In just a few days, the darkest days will be over and light will stay with us longer! This post, I had been hoping to share some pics of illuminated MSS on loan from the Bodleian to the Jewish Museum in NY…unfortunately, I seem to have lost them somewhere in cyberspace.( I learned from “The Art of the Saint John's Bible” by Susan Sink that the term “illuminated” refers to the gold used for illustrations in the manuscripts. ) So instead, I offer some images of my dye garden in midsummer and midwinter as illumination to your imagination!
The harvest of that garden keeps me close to summer all year. Besides the dye flowers you see in the summer garden ( coreopsis, tagetes, amaranthus, baptisia australis, borage, basil, viola ticolor) nearby are Red Maple (acer rubrum), Sugar Maple (acer saccharum), Silver Maple (acer saccharinum) Chokecherry (prunus virginiana) and from the kitchen, tea (camellia sinensis).
In the fall I eco-printed watercolour papers with tree leaves as content for another series of botanical scrolls (suite to my textile scrolls exhibited in July), artist books entitled “New World Scroll” . Some images:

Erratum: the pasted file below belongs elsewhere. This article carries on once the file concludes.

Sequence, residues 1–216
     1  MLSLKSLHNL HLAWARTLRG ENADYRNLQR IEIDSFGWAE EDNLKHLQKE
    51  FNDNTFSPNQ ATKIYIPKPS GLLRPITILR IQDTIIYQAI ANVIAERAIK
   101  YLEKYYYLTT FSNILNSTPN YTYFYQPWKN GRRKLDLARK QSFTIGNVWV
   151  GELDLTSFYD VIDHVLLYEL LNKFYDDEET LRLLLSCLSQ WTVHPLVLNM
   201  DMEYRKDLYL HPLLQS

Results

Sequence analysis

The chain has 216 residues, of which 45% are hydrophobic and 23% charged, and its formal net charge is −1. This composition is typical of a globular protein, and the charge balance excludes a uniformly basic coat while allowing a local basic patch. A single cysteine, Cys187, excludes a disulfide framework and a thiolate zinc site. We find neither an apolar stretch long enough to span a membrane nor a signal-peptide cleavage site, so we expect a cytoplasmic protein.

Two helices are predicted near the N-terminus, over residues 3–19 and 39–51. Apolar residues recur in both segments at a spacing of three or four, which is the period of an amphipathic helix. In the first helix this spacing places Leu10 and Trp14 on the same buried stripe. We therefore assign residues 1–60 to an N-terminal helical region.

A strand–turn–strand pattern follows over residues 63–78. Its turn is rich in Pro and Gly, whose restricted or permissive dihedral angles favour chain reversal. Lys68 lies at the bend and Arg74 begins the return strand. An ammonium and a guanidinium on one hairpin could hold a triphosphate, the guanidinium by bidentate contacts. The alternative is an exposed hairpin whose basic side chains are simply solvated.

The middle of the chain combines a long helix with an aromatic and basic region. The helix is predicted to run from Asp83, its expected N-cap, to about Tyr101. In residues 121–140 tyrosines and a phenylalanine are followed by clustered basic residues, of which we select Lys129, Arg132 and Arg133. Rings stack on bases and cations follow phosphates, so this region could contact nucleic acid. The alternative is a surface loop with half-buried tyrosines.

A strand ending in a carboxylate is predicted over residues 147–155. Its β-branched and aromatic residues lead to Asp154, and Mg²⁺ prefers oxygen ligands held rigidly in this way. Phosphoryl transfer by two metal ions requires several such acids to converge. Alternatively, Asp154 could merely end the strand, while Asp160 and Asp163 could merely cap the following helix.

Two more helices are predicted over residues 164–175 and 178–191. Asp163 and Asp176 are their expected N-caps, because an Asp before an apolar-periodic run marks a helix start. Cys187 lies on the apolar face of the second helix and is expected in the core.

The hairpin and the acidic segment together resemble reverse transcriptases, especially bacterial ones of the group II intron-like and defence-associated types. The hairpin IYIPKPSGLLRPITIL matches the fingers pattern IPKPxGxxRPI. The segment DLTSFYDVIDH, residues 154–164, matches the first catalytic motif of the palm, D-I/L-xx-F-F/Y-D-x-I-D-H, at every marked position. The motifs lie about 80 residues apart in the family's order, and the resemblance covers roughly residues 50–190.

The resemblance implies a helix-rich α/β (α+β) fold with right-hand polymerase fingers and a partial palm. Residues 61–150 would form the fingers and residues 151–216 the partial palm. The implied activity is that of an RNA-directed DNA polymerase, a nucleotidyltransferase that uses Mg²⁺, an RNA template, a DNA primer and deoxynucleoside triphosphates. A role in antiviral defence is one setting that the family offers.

Rust and leaf eco prints provide form and content of the New World Scroll. as does the book's accordion structure. The first books were in scroll form, flat or pleated or slatted (depending on its culture of origin). I am using paper to recall ancient form and marking it with plant dyes as a contemporary take on ancient practice, and also as a comment on disappearing traditional natural dyeing knowledge and skills, a loss now connected with disappearing plant diversity and ecological imbalance.
I have handwritten the names of the plants in Latin and English as is proper to a botanical document but in pleated scroll style. I have to say I was hesitating to use my own hand ….dreamed of perfect type from an elegant letterpress…but concept and earthiness won out. Hands on, the powerful presence of a maker in the lettering.
The plants recorded on the scroll are both native and immigrant, a witness to the ideal of a global sharing of knowledge and skill for the benefit of all. A blog, kind of.
Each double spread is inserted inside a fold in the accordion spine and presents four different prints. There are twenty-four eco- printed pages, two eco-printed end papers and a set of eco- printed and embroidered linen covers.
Some closer looks:
The embroidered and printed covers refer to traditional skills and knowledge that have faded away but which are being recovered gradually in textile circles – women's work, mainly…and with new appreciation for the artistry in the ancient practices.
Chokecherry and Red Maple pages in the scroll
Simple pamphlet stitch spine
Opening the scroll
More book arts!
And more NYC because that is where I will be spending Christmas. I wish you all the blessings of this holy season